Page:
Review of HHhH by Ilanna

October 24, 2018 |  Tagged , | Comments Off on Review of HHhH by Ilanna

1 Leave a comment on paragraph 1 0 Although Laurent Binet’s 2010 historical novel HHhH is just one of the scores of World War II-related books, it is one of the best—not only in its storytelling but in its sophistication. This is not only due to the author’s meticulous attention to historical accuracy (that at times even borders on the obsessive) but because the self-conscious narrative voice explores not only the events described in the book, but the author’s experiences as he wrote the book. The novel explores the author’s struggled to create a narrative structure out of real events, and characters out of real people. Although the novel still has its failings, it succeeds as a fantastic introduction to its topic.

2 Leave a comment on paragraph 2 0 HHhH takes place largely in Prague in 1942, and follows the story of Operation Anthropoid. Anthropoid was the British military operation that trained two Czechoslovak soldiers-in-exile and then parachuted them into Prague to assassinate Reinhard Heydrich, the right-hand man to Heinrich Himmler. In addition to being the Reich-Protector of the occupied Czechlands, Heydrich was the head of the Gestapo and one of the leading architects of the Holocaust. With the help of the Czechoslova resistance, the two soldiers did manage to kill their target. Heydrich was by far the highest-ranking Nazi official to be assassinated during the war. In retaliation, the Gestapo tracked down and killed the assassins and numerous members of the Czechoslovak Resistance, as well as several thousand innocent Czechoslovak civilians.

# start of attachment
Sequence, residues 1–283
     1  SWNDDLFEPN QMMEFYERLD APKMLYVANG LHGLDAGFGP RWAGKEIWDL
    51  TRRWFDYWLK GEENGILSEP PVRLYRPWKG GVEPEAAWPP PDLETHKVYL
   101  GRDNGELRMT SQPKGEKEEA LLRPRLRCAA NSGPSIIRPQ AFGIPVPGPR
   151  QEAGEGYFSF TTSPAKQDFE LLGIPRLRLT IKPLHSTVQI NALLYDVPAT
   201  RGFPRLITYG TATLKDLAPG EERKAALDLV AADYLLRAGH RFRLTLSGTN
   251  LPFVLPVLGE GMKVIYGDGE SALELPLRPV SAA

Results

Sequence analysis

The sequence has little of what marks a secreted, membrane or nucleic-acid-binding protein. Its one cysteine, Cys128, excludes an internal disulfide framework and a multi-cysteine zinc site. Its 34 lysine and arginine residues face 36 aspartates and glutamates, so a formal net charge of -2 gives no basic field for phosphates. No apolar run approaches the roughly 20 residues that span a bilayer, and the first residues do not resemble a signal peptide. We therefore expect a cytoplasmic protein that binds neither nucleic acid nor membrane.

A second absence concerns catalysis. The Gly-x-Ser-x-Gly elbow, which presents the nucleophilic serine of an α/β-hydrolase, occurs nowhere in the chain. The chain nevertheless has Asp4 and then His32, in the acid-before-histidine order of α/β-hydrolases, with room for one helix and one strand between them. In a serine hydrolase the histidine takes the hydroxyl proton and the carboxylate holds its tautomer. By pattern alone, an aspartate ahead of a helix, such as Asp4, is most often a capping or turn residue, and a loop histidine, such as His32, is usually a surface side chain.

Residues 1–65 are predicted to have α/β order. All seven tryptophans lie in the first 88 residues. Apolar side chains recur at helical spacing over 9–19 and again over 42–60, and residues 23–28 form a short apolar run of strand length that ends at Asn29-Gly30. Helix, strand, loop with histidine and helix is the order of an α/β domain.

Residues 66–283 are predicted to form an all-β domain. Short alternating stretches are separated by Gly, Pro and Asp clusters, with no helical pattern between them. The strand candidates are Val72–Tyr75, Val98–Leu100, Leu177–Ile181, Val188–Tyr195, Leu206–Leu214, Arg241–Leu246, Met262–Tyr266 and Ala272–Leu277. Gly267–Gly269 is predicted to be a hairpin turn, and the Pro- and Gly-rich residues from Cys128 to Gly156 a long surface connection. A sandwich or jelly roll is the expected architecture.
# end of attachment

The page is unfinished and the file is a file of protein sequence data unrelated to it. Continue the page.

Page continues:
3 Leave a comment on paragraph 3 0 Binet’s novel is beautifully and poignantly written; the edge-of-your-seat thrills and emotionally charged scenes feel almost like a blockbuster movie. The author, however, does not simply tell the story of Operation Anthropoid. Rather, the book is just as much about Benet’s experiences writing the book as about the historic event itself. The reader is given a glimpse not only into the challenges of the protagonists, but the challenges of the author as he struggles to write a novel based on true events. Binet, like all writers of historical novels, is caught in the conflict of wanting to stay true to the historic record, but of also wanting to tell a good story. He believes that misrepresenting the past would be a gross violation of the heroes and victims in his story—and commemorating the heroes and victims is his primary concern. However, real life is never as tightly structured as a novel, and real people rarely behave the way a perfectly-crafted character should. Binet laments his impossible position in the very beginning of the novel: “I am reducing this man [Gabčík, one of the assassins] to the ranks of the vulgar character and his actions to literature: an ignominious transformation, but what else can I do?”